upper Midwest as well as places in California and Maine, and his achievements read like the exploits of Chuck Norris or a Dos Equis commercial, but you would be hard pressed to find anyone more responsible for the history and creation of the Great Lakes region than the enormous buffalo-plaid wearing Paul Bunyan, and his trusty sidekick, Babe the Blue Ox. Here are a few of Bunyan’s geological accomplishments to prove it.
- Minnesota’s 10,000 lakes were created by the footprints of Paul and Babe as they wandered blindly through a terrible blizzard.
- Paul needed to create the Great Lakes so that Babe had a sufficient watering hole.
- The Mississippi River was created when the Blue Ox pulled tank wagon used to coat the logging roads with ice in the winter, sprang a leak and trickled south.
- Every time they needed new shoes for Babe, they had to open a new iron mine.
- Even our own Rib Mountain is rumored to be Paul Bunyan’s final resting place, giving us a glimpse into his mythical size. By my estimation, that would make him nearly 2 miles tall.
Paul Bunyan’s achievements even extend to the western states, with the creation of the Grand Canyon as Paul drug his axe behind him and Mount Hood getting its beginnings as a stack of rocks piled by Bunyan as he put out his campfire. But, in spite of the intended comedic relief of Bunyan's folklore, many of the tall tales also offer us a glimpse into the harsh reality that was life in a logging camp. The weather could be harsh, the work dangerous, and the seclusion uninviting, but the lumberjacks and logging camps prospered. In the end, they helped develop many of the cities and towns of our "Northwoods", they formed the roots of our paper industry, and shaped the rail tracks and roadways we have today. And, even though Paul Bunyan himself won't be mentioned in Great Lakes History 101, the thousands of people his character was based on, have a starring role.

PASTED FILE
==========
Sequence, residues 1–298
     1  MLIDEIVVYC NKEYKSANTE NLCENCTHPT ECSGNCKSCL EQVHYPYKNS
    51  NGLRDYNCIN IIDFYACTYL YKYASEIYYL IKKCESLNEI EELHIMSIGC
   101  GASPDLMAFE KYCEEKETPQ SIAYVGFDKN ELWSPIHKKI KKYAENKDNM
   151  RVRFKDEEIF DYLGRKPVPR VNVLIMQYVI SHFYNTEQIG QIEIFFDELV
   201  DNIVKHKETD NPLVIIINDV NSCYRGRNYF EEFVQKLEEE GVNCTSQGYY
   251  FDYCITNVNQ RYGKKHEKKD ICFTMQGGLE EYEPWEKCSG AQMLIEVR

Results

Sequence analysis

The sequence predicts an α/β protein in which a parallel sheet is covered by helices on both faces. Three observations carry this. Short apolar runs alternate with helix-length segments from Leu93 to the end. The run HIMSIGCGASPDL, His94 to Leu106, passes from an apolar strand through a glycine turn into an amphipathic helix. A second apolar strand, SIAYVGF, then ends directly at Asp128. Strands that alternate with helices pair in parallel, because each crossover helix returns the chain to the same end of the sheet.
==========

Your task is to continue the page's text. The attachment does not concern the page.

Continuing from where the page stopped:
"The year of the two winters it got so cold the axemen let their beards grow full length. They wrapped the beards around them for warmth. In the spring Paul cut all the beards with a large scythe. The whiskers were stacked like hay and later sold for making mattresses..." Courtesy of Bang Printing, Drawing by Homer Dimmick